CONJUNCTIONS. And or an with the subjunctive"And" with the subjunctive. The true explanation appears to be that the hypothesis, the if, is expressed not by the and, but by the subjunctive, and that and merely means with the addition of, plus, just as but means leaving out, or minus. The hypothesis is expressed by the simple subjunctive thus:
This sentence with and would become, "I must become a borrower of the night and my horse go not the better," i.e. "with, or on, the supposition that my horse go not the better." Similarly in the contrary sense, "but my horse go the better," would mean "without or excepting the supposition that my horse, &c." Thus Chaucer, Pardonere's Tale, 275:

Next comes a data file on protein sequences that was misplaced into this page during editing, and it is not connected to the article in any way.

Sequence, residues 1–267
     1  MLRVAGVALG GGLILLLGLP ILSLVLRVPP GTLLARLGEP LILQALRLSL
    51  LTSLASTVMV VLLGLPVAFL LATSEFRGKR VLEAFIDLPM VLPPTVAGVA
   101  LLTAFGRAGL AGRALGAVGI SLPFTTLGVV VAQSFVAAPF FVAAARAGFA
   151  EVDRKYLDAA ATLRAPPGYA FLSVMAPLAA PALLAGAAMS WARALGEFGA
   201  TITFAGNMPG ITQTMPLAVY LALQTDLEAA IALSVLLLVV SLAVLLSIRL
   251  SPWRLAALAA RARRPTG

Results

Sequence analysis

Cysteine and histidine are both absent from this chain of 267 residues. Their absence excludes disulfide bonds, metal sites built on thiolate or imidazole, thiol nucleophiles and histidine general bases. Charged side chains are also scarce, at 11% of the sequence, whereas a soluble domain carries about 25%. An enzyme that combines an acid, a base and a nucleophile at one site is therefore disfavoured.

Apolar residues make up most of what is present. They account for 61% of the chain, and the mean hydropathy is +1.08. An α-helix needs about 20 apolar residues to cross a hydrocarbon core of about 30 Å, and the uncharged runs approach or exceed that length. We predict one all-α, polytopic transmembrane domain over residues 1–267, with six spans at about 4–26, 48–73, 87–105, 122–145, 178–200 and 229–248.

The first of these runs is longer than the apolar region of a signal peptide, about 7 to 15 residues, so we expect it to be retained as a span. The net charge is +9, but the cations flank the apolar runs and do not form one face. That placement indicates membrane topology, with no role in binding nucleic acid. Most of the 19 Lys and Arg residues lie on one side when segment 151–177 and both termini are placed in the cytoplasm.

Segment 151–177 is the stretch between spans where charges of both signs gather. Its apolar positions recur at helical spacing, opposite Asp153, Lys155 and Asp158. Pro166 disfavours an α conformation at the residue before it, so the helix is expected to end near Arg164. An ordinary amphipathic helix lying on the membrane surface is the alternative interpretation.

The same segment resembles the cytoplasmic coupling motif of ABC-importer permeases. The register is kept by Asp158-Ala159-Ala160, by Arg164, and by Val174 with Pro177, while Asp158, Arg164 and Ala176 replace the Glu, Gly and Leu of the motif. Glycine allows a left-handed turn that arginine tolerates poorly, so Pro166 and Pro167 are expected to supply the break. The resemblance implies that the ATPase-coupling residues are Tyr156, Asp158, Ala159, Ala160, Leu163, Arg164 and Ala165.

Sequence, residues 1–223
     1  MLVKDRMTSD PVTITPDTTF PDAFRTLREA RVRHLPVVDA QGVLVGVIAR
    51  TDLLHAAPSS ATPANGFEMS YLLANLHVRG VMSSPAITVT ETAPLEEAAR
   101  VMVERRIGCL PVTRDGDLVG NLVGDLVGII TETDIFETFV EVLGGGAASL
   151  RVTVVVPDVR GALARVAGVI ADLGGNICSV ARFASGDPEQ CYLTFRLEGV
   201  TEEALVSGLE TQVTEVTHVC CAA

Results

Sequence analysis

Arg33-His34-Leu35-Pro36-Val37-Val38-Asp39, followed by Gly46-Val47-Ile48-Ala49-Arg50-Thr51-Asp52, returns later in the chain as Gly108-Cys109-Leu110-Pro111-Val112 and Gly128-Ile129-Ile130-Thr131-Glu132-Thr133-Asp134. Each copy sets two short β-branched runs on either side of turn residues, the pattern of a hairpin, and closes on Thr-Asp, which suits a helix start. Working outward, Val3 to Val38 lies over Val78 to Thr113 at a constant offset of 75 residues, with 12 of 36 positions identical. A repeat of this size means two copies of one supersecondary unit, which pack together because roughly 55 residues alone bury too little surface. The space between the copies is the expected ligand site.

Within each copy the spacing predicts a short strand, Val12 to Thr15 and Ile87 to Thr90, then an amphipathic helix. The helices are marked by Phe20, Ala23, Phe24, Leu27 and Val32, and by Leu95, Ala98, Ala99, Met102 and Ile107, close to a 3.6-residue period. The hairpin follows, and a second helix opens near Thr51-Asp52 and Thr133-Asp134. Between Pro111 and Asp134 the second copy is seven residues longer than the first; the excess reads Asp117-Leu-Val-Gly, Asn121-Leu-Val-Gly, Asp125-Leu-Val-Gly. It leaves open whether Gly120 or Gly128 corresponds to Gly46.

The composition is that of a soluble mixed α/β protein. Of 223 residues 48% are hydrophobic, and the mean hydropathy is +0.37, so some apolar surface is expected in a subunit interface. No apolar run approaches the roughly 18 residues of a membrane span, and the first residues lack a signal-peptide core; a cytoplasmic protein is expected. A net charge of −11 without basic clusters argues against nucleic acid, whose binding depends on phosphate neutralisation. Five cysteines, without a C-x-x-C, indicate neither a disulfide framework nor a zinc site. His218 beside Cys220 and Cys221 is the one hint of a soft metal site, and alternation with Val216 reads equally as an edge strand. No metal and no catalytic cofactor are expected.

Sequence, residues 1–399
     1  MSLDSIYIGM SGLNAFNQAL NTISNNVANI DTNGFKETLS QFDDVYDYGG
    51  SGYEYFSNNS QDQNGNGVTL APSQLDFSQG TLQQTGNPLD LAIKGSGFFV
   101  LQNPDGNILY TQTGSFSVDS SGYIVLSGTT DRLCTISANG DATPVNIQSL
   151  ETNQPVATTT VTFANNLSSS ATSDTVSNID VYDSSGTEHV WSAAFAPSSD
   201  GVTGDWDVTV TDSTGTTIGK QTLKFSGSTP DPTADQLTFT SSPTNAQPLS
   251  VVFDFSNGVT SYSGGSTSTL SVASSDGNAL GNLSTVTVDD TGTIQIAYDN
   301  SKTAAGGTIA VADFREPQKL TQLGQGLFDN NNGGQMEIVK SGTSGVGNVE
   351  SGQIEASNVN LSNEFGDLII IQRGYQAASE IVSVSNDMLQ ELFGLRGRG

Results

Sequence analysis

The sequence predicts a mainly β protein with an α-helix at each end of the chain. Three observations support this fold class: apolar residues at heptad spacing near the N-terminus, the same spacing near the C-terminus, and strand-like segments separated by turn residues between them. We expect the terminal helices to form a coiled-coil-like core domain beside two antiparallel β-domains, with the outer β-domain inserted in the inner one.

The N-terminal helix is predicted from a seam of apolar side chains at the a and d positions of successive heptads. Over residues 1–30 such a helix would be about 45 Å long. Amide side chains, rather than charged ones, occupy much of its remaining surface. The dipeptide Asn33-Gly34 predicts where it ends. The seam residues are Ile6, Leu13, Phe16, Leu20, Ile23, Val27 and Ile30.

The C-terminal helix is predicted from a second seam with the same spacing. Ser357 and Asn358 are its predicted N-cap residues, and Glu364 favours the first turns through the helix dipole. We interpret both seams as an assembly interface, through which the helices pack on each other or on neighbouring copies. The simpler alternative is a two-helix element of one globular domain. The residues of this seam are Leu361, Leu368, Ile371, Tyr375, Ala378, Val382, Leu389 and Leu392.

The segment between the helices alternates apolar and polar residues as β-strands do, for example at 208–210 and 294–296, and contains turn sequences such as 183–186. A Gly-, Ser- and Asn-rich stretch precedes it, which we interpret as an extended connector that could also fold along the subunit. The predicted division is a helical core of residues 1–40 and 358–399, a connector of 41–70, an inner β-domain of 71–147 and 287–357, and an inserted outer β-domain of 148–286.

“Go not my horse the better
I must become a borrower of the night.
It is no curtesye To speke unto an old man vilonye But he trespas.So also Mandeville (Prologue):
Such fruyt, thorgh the which every man is saved, but it be his owne defaute.